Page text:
Be ready to transfer accounts and assets.

You should take a look at all the things you use to run your business. Any accounts you have with suppliers or service providers should be easily transferrable to the new owner.

Does your business have any outstanding debts or special agreements that could affect the new owner? You’ll want to address these as best you can and be upfront about them during the negotiation process.

What about product inventory? Does your business house products for sale, or have you pre-paid for any inventory? These questions will need to be addressed during negotiation as well. You might include the inventory in the sale price, or you might ask the buyer to pay for the products separately, over and above your asking price.

Expect to provide support.

After the deal is done, your job isn’t necessarily over with. You’re still going to need to help your investor transition into their new role as the owner of your business.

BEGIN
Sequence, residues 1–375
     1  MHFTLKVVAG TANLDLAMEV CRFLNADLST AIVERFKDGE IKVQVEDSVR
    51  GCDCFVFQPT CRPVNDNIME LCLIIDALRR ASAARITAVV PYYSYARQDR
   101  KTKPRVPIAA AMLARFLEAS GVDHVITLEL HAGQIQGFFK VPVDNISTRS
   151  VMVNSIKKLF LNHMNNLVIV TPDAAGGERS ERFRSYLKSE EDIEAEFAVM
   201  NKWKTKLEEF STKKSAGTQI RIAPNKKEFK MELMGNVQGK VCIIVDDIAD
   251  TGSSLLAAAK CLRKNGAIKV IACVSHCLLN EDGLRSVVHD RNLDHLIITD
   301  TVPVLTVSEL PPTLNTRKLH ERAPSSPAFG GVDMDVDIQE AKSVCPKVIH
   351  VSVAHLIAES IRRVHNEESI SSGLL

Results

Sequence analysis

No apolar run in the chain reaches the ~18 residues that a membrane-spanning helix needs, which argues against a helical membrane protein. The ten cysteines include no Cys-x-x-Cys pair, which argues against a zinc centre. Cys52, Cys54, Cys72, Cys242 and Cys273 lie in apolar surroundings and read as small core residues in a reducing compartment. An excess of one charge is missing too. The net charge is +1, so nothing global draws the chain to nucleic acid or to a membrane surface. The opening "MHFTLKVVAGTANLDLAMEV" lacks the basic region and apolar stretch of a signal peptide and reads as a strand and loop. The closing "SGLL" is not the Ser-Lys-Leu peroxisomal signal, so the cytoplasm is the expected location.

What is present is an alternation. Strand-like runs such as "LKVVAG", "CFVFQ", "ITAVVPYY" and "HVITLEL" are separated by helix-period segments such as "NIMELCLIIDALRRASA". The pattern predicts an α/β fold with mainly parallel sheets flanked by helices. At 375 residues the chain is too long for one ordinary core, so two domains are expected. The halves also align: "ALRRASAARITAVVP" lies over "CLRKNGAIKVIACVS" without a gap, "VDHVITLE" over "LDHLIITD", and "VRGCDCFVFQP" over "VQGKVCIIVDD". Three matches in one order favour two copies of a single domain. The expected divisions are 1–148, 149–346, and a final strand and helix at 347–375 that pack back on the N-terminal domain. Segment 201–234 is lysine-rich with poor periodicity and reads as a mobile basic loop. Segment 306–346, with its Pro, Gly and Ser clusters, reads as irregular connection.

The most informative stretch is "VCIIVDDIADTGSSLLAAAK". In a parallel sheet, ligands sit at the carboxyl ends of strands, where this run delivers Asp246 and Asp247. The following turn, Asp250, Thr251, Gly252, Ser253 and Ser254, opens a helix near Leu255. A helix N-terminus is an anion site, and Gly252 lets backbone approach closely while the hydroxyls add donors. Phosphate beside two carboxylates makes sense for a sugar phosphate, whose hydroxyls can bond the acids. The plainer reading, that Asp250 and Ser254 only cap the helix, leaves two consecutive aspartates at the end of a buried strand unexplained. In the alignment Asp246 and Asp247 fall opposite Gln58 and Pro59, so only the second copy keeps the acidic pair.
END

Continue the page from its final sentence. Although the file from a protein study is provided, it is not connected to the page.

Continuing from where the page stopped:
Typically, they will include this in their list of demands during the negotiation process, so you can expect phone calls and emails for a set period of time while they take the reins and learn how to sustain what you’ve built.

If the level of support isn’t clearly outlined during the negotiation process, and agreed upon by both your investor and yourself, you could end up in a situation where the investor is going to expect endless support. That means you’ll end up being an unpaid employee.

Bottom Line.

Selling a successful web venture can be a very exciting time for an entrepreneur, but also one that requires very specific approaches to each part of the process.

You’ll need to look at each phase of your business and see that it is properly prepared for the sale. Everything from your role, to your financial records, to your marketing strategies will need to be viewed objectively. If you find weak areas, fix them before you list the business.

If you do not have experience selling a business, or are concerned that investors may be able to get more than their fair end of the deal, you may want to think about working with a professional.

Professional brokers have done countless deals and know what to look out for, while also making sure your business is positioned to get the highest offers possible.

At the end of the day, though, selling your successful business for the highest price comes down to the level of effort you want to devote to making the deal happen.